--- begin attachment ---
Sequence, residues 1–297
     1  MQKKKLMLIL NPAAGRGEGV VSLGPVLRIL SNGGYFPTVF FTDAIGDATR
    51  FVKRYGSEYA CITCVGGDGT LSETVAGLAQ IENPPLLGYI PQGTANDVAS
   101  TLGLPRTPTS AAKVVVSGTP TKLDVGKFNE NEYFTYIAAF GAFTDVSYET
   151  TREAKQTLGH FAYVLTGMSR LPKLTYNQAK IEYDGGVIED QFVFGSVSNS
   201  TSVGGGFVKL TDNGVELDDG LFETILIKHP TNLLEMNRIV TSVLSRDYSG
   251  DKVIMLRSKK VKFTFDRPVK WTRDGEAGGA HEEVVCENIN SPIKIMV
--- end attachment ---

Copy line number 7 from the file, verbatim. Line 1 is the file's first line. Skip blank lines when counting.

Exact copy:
   251  DKVIMLRSKK VKFTFDRPVK WTRDGEAGGA HEEVVCENIN SPIKIMV